In the 1940s, jazz pianist Art Tatum wowed audiences with a virtuoso technique that sounded like two players. Today, Pasquale Grasso is similarly approaching the archtop six-string, harmonizing runs and melodies in a way that sounds like a guitar duo, not just one man.
Raised in Italy and based in New York City, Grasso earned the admiration of fusion hero Pat Metheny, who once told VG’s Dan Forte, “The best guitar player I’ve heard in perhaps my entire life is Pasquale Grasso… He has somehow captured the essence of that language from piano onto guitar in a way that almost nobody has ever addressed.”
With his new album, Solo Ballads, young Grasso continues to blow minds.
Your harmony approach is so unusual, often sounding like two players, as on “Body and Soul.”
That’s a great compliment and I’m not sure how to respond other than to say that I practice every day until the sound in my head comes out of the instrument. All of the musicians I love are inspirations for new ideas that form my style, because it’s still growing. And it’s gonna be growing until the day I die.
You deploy a lot of transitional runs, like whole-tone scales from one chord to the next, like pianists Art Tatum and Bud Powell.
Well, Tatum is my inspiration for playing solo guitar, so I learned it from him. When I first listened to him, I couldn’t believe what I was hearing. I’d play Tatum’s records all day and couldn’t understand anything he was doing – it seemed like there were two pianos. But I was always attracted to the pianists of the ’40s and ’50s like Tatum, Bud Powell, Thelonius Monk, Teddy Wilson, and Billy Kyle. On guitar, Charlie Christian, Tiny Grimes, and Oscar Moore were my favorites. These days, I just play what I hear in my heart and mind.
How did you get that silky vintage tone on Solo Ballads? It’s like a recording from the ’50s.
I’ve always loved that guitar sound from the ’40s and ’50s, as well as the sound of classical guitar. I still try to have as much of the acoustic sound as possible when I play with an amp. I used a ’53 Gibson GA-50 in the studio and love the balance of the sound those old amps have. I wish there was a new one that’s comparable, but I haven’t found one.
How did you choose which standards to interpret?
I chose songs I’ve performed for my whole life – favorite ballads that remind me of my childhood. I’ve always been a romantic – I’m a Southern Italian – and I grew up watching my parents, who have been in love for more than 40 years. I tried to add more classical guitar to the melody. As one example, “When I Fall In Love” is beautiful, and reminds me of what it means to be in love. I always want people to just enjoy what I’m doing. Put Solo Ballads on and drink a glass of wine. It might be relaxing or help you concentrate; I just hope you forget about the world for a minute and enjoy yourself.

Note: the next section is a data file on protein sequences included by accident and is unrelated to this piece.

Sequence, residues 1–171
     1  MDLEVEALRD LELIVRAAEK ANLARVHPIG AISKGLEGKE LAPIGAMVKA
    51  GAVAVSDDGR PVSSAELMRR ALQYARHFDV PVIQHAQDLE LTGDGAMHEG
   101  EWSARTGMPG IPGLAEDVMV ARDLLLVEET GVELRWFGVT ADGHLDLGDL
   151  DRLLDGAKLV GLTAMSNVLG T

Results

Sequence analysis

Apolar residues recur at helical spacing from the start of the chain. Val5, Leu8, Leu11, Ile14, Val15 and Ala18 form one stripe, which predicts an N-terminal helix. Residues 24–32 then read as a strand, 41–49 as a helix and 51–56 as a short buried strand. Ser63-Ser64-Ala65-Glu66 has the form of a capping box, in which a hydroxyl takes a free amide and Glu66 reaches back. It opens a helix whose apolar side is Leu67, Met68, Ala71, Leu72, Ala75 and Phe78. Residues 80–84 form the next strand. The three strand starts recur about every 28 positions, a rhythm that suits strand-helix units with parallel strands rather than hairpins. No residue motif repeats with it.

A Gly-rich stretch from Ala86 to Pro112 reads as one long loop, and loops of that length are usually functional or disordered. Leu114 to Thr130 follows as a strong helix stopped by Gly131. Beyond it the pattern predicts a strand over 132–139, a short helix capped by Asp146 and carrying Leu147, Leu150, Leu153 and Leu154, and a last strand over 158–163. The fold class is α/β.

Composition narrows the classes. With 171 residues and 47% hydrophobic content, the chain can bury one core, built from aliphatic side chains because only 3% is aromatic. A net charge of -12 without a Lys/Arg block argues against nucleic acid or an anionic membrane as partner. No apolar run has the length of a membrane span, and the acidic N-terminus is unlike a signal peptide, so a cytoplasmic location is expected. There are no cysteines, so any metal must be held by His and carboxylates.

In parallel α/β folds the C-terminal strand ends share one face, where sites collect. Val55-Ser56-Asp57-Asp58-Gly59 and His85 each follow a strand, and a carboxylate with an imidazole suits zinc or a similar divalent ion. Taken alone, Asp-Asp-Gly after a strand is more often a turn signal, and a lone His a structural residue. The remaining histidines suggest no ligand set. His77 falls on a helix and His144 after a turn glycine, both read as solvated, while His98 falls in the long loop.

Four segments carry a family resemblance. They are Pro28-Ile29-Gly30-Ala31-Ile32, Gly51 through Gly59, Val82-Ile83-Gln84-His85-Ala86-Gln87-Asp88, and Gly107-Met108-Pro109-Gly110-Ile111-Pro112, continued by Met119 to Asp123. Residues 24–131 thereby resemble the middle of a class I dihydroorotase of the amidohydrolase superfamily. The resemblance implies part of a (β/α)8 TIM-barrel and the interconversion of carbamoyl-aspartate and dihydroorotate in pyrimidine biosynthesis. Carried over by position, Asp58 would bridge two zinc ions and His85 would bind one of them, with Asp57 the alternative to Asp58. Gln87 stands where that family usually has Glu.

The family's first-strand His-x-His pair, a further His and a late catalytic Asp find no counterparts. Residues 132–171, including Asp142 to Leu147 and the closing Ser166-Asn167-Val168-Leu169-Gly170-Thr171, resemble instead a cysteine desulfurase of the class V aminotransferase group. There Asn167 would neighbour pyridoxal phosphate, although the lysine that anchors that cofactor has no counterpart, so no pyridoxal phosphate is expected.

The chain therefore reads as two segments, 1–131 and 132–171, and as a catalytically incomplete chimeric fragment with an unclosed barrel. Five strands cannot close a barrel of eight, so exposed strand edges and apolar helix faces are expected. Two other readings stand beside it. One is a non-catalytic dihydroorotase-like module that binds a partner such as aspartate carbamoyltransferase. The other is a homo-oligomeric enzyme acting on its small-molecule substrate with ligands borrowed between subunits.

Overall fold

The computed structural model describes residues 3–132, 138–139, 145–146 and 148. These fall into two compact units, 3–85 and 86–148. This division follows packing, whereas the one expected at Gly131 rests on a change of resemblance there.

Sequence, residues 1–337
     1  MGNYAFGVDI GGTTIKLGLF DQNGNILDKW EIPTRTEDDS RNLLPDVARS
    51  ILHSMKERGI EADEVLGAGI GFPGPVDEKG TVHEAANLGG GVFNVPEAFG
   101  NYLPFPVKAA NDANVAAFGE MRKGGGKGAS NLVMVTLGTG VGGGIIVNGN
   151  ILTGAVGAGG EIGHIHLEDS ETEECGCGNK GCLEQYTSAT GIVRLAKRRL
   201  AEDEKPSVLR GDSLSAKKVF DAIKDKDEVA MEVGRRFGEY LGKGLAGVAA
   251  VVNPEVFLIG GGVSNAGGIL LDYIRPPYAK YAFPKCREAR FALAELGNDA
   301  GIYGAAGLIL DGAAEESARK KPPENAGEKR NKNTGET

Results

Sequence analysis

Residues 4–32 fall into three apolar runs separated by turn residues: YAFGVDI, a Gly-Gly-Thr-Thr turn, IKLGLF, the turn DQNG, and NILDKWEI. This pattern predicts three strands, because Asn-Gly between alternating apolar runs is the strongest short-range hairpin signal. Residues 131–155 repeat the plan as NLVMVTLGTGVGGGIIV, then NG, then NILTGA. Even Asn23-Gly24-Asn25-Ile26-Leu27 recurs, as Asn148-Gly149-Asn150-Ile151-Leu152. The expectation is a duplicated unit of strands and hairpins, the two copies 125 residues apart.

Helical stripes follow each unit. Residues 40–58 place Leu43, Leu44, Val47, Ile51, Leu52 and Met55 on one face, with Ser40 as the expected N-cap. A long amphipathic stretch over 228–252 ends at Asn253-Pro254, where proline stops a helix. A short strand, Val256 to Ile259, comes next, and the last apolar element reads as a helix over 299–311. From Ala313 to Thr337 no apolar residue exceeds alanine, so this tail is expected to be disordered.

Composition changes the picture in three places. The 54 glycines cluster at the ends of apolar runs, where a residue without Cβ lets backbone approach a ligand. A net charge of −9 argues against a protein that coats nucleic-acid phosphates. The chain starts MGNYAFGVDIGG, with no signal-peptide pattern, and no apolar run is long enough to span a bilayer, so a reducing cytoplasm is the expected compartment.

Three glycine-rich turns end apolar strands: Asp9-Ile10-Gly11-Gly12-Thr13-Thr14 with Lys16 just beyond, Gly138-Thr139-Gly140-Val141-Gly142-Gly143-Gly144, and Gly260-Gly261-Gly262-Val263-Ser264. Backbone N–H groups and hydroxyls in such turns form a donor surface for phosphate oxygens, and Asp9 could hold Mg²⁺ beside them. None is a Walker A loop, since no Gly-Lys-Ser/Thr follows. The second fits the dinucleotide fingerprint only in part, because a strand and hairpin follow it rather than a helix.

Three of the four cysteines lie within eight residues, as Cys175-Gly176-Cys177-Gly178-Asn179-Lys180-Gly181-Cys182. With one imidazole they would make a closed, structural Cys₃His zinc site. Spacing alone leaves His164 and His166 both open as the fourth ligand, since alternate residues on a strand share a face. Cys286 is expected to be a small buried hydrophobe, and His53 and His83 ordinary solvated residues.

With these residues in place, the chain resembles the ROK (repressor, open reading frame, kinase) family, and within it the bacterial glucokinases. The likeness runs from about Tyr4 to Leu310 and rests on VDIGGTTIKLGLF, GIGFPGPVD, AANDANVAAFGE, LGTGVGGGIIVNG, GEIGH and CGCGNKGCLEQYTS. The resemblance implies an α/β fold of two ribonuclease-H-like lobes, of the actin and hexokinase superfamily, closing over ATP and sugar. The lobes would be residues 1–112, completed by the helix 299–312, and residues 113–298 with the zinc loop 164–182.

How do you describe your picking technique?
It’s a hybrid between jazz picking from the modern plectrum school of [George Shearing guitarist] Chuck Wayne and the classical-guitar technique. My technique changes month to month, and I still have a lot of work to do to be able to play what I want.
Which archtop guitar do you use?
My guitar was made by the great Bryant Trenier. It’s one of the finest instruments I’ve ever played in my life. Bryant and I have known each other for a long time and he knows what I look for in a guitar.
What are your strings?
I use La Bella roundwounds, .014 to .056.
Pat Metheny is obviously a big fan of yours.
Pat is one of the nicest and most-talented people I’ve ever met. He’s a true artist, a guy who knew what he wanted to do with music from the beginning. It’s always inspiring to see how he’s able to come up with different ways of seeing the instrument. No matter which guitar or style he’s playing, I love Pat’s approach.
How did a young musician like you discover old forms such as swing, bebop, and cool jazz?
My parents, Rocco and Anna, are big jazz fans, and I grew up listening to old recordings. Instead of watching TV at night, my dad would put on a Chet Baker record and we’d listen. Something about the feeling that the swing and bebop musicians had has captured my attention since I was a little kid.
This article originally appeared in VG’s November 2021 issue. All copyrights are by the author and Vintage Guitar magazine. Unauthorized replication or use is strictly prohibited.